|astronautix.com||Chronology - 1964 - Quarter 2|
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Decree 'On appointing KB TM as main space launch pad design organization' was issued. References: 474 .
MSC negotiated a cost-plus-incentive-fee contract, valued at $1.65 million, with Hamilton Standard for 27 prototype Apollo space suits and 12 pairs of gloves. References: 16 .
The two LLRV's were shipped from Bell to the NASA FRC, with program emphasis on vehicle No. 1. It was first readied for captured flight on a tilt table constructed at the FRC to test the engines without actually flying.
A study to recommend, define, and substantiate a logical approach for establishing a rotating manned orbital research laboratory for a Saturn V launch vehicle was made for MSC. The study was performed by the Lockheed-California Company, Burbank, California. It was based on the proposition that a large rotating space station would be one method by which the United States could maintain its position as a leader in space technology. Additional Details: Rotating manned orbital research laboratory for a Saturn V launch vehicle..
Korolev proposed further manned Vostok flights after Vostok 6. The first was to be a high altitude flight into the lower Van Allen radiation belt for radiological-biological studies. Spacecraft would have been allowed to naturally decay to a re-entry after ten days. A training group for these flights was assigned on 17 September 1963: Belyayev, Gorbatko, Khrunov, Komarov, Leonov, Shonin, Volynov, and Zaikin. By 25 January 1964 this had changed to Belyayev, Beregovoi, Khrunov, Komarov, Leonov, and Volynov. All follow-on Vostok missions were cancelled in spring 1964 when the decision was made to proceed with conversion of Vostok to the multi-crew Voskhod configuration. References: 283 , 294 .
Space Technology Laboratories (STL) began using its new San Juan Capistrano, Calif., test facility to static fire the firm's LEM descent engine. Hereafter, the bulk of STL's development firings were made at this site. References: 16 .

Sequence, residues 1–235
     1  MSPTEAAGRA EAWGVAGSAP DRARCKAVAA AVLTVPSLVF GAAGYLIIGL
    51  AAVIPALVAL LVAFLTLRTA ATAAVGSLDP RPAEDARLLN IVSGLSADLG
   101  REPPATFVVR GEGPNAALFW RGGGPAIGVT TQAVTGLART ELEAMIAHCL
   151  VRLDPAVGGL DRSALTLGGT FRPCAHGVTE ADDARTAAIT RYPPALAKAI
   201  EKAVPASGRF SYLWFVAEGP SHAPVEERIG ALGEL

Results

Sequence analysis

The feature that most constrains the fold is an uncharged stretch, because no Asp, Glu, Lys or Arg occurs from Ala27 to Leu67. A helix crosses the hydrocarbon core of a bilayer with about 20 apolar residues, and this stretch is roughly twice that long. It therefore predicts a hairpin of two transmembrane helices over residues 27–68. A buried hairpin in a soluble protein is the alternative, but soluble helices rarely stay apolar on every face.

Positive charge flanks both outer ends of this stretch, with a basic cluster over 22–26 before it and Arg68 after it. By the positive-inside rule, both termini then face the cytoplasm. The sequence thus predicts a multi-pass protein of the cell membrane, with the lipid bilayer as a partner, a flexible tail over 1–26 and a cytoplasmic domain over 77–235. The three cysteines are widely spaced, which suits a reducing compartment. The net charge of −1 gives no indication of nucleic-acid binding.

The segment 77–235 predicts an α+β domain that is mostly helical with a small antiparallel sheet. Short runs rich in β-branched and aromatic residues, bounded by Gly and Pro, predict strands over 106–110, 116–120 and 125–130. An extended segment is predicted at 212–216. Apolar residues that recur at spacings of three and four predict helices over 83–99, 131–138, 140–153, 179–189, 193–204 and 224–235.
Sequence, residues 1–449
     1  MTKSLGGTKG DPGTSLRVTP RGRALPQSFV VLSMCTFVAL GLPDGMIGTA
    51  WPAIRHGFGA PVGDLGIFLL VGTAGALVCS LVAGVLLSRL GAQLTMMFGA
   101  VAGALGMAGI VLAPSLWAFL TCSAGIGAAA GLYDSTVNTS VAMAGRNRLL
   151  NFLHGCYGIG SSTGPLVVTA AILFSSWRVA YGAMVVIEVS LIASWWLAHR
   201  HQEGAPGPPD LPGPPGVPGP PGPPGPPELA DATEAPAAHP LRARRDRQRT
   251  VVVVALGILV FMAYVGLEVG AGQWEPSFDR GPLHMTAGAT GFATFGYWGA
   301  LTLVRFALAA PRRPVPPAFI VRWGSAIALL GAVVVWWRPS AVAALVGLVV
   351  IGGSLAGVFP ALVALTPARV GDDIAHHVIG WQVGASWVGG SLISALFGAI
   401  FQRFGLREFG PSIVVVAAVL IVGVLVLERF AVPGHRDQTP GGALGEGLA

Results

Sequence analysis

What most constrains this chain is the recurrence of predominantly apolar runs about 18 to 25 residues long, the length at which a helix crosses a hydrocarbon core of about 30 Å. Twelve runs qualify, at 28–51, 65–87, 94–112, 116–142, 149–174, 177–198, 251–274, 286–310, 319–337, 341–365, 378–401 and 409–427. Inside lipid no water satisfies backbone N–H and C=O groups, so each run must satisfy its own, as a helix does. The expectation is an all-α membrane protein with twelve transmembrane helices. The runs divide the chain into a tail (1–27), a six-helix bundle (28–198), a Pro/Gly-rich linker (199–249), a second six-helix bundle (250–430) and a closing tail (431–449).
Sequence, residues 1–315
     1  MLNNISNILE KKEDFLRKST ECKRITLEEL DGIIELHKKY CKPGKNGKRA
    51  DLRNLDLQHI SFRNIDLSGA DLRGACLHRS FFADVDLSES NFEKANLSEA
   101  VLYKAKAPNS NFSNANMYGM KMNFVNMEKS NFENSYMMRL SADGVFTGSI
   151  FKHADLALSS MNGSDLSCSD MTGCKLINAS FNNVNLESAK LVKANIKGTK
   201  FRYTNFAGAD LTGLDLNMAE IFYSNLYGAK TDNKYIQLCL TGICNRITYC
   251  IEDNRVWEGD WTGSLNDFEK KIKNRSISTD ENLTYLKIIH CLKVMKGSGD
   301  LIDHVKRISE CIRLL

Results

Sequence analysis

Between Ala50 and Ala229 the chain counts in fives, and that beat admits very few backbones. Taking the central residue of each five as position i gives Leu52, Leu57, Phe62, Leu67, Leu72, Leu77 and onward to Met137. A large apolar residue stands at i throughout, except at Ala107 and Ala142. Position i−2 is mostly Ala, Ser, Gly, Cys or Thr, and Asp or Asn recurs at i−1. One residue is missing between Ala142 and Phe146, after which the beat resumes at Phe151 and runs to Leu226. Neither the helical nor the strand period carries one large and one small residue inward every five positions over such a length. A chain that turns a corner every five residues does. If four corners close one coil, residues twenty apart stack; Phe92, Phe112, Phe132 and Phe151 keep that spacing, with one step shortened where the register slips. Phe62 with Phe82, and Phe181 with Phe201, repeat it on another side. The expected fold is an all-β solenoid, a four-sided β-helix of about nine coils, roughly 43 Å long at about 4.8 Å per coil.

Bell Aerosystems Company completed the first of two lunar landing research vehicles, to be delivered to the NASA Flight Research Center for testing. References: 16 .
The first Gemini mission, Gemini-Titan I, was launched from Complex 19 at Cape Kennedy at 11:00 a.m., e.s.t. This was an unmanned flight, using the first production Gemini spacecraft and a modified Titan II Gemini launch vehicle (GLV). The mission's primary purpose was to verify the structural integrity of the GLV and spacecraft, as well as to demonstrate the GLV's ability to place the spacecraft into a prescribed earth orbit. Mission plans did not include separation of the spacecraft from the second stage of the vehicle, and both were inserted into orbit as a unit six minutes after launch. The planned mission encompassed only the first three orbits and ended about four hours and 50 minutes after liftoff. No recovery was planned for this mission, but Goddard continued to track the spacecraft until it reentered the atmosphere on the 64th orbital pass over the southern Atlantic Ocean (April 12) and disintegrated. The flight qualified the GLV and its systems and the structure of the spacecraft. References: 1 , 2 , 5 , 6 , 16 , 26 .